Willow Pollen in Abundance

I’ve been away in Somerset for five days, helping some friends do some work to prepare for selling their Smallholding, and arrived back after dark on Monday. This Morning was my first opportunity to see how things were progressing with my bees.

The first thing that I noticed was that a lot of my willow was now flowering. It was too early for my bees to be out, but it was a real relief that finally there was a large source of pollen and nectar. I also had Winter Honeysuckle (Lonicera fragrantissima) in flower, and a few crocus left. By the time that I had finished my first round of morning chores, the willows were alive with bees, including some Bumble Queens. My new camera wasn’t as effective at really close up shots, but that’s probably my lack of expertise. I’ll try again tomorrow, if the weather allows the bees to forage. It was great to see the bright yellow pollen being taken into the hives.

Most of the willow varieties that we have locally are not yet in production, but I noticed one in flower, whilst walking the dogs. It’s in quite a dry part of the village, and is quite substantial, so I’m going to take some late cutings, and nurse them until they develop a good root system, before planting them out in the Autumn. The Pulmonaria had plenty of flowers, the other willows are starting to produce catkins, and there is a lot of flowering currant locally, which will be out soon, so I suspect that there will be plenty of forage before long. I also noticed some early ornamental cherries in flower, and when I checked my fruiting trees, the buds are starting to swell on them.

I decided to top up the small entrance feeders with a bit more feed, laced with my essential oil mix. I felt that it would help to cut back on the varroa problem, and keep the colonies more healthy. In order to help that along more naturally, I’ve planted one hundred Creeping Thyme plants along the swale banks. As Thyme is the basis for many of the commercial varroa treatments, I hope that getting some into the hives naturally will also help in the same way.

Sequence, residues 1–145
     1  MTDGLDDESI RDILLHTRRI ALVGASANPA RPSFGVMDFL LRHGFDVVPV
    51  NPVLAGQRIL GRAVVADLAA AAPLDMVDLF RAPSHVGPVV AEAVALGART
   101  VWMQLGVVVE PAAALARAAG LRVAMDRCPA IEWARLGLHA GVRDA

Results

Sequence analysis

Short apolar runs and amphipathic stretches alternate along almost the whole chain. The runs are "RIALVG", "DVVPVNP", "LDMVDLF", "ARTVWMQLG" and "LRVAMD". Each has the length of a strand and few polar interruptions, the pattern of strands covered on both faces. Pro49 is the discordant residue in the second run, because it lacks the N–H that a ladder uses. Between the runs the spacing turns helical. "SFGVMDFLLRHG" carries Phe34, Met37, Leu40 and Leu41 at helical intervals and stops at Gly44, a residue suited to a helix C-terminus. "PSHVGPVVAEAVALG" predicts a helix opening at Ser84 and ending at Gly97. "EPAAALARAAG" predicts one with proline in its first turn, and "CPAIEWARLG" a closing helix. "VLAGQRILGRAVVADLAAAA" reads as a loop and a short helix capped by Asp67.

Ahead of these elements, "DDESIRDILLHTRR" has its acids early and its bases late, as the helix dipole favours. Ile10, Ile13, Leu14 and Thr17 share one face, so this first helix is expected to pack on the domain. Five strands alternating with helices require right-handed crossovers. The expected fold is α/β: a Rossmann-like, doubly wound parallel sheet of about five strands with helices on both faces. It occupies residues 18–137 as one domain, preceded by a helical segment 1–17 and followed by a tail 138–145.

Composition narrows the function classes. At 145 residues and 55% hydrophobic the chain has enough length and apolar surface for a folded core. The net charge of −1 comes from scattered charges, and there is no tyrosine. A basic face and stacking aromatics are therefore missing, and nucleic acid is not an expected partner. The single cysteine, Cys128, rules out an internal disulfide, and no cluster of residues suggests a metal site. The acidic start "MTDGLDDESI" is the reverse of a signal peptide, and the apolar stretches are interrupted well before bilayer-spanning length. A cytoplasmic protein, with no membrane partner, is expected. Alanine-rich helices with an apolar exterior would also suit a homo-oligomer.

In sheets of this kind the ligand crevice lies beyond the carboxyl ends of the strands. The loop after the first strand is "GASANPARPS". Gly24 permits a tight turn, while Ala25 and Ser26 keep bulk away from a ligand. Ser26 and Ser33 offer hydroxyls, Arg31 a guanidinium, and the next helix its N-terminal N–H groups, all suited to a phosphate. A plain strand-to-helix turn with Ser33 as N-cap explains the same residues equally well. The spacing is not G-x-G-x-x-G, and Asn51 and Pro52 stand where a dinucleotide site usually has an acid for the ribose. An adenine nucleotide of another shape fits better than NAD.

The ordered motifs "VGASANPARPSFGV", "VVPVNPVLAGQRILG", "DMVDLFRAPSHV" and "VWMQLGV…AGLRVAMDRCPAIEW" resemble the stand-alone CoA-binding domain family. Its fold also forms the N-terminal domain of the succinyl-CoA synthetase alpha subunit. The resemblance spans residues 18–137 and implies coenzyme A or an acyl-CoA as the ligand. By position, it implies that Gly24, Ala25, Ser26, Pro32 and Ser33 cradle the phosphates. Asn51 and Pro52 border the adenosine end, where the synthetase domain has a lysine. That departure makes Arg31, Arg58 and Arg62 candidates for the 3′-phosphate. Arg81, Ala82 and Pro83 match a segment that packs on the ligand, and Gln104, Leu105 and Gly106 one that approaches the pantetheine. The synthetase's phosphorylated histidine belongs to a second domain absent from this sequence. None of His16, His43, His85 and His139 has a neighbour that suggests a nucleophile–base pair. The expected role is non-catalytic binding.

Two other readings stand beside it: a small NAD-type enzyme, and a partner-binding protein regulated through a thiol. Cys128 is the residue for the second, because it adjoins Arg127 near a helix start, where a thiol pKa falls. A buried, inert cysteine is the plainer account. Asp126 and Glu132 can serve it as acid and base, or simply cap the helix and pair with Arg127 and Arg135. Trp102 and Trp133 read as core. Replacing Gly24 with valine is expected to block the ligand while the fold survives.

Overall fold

The swale banks are now starting to fill out. Plants include Thyme, Creeping Thyme, Welsh Onion, Chives, Musk Mallow, Wild Rocket, Poached Egg Plant. I have some rogue garlic plants to move, and I’m not sure whether I should grow them for us, or add them to the swale banks, to flower for the bees. With all of the onion/garlic, I wonder if the honey will be affected?

Whilst my priorities over the next week or so revolve around growing vegetables, I also need to get to work on this year’s bait hives, and chat up some of the villagers, for more locations away from my own hives. This is wet weather work, and we’re forecast rain this week. I’ll let you know how I get on.

All of the best


4 thoughts on “Willow Pollen in Abundance

  1. naomi

    Shame I’m not closer . I would have willingly had a hive here( although I’m clueless about beekeeping) . Hope to catch up soon 🙂

    1. Deano Post author

      Hi Naomi
      Nice to hear from you. There’s an active club at Louth, which isn’t too far from you. They would be able to help get you started.
      Bees are addictive, so just make sure that you’re ready for another passion in your life.

      Take Care


  2. Pingback: Bees and Willow « The Sustainable Smallholding

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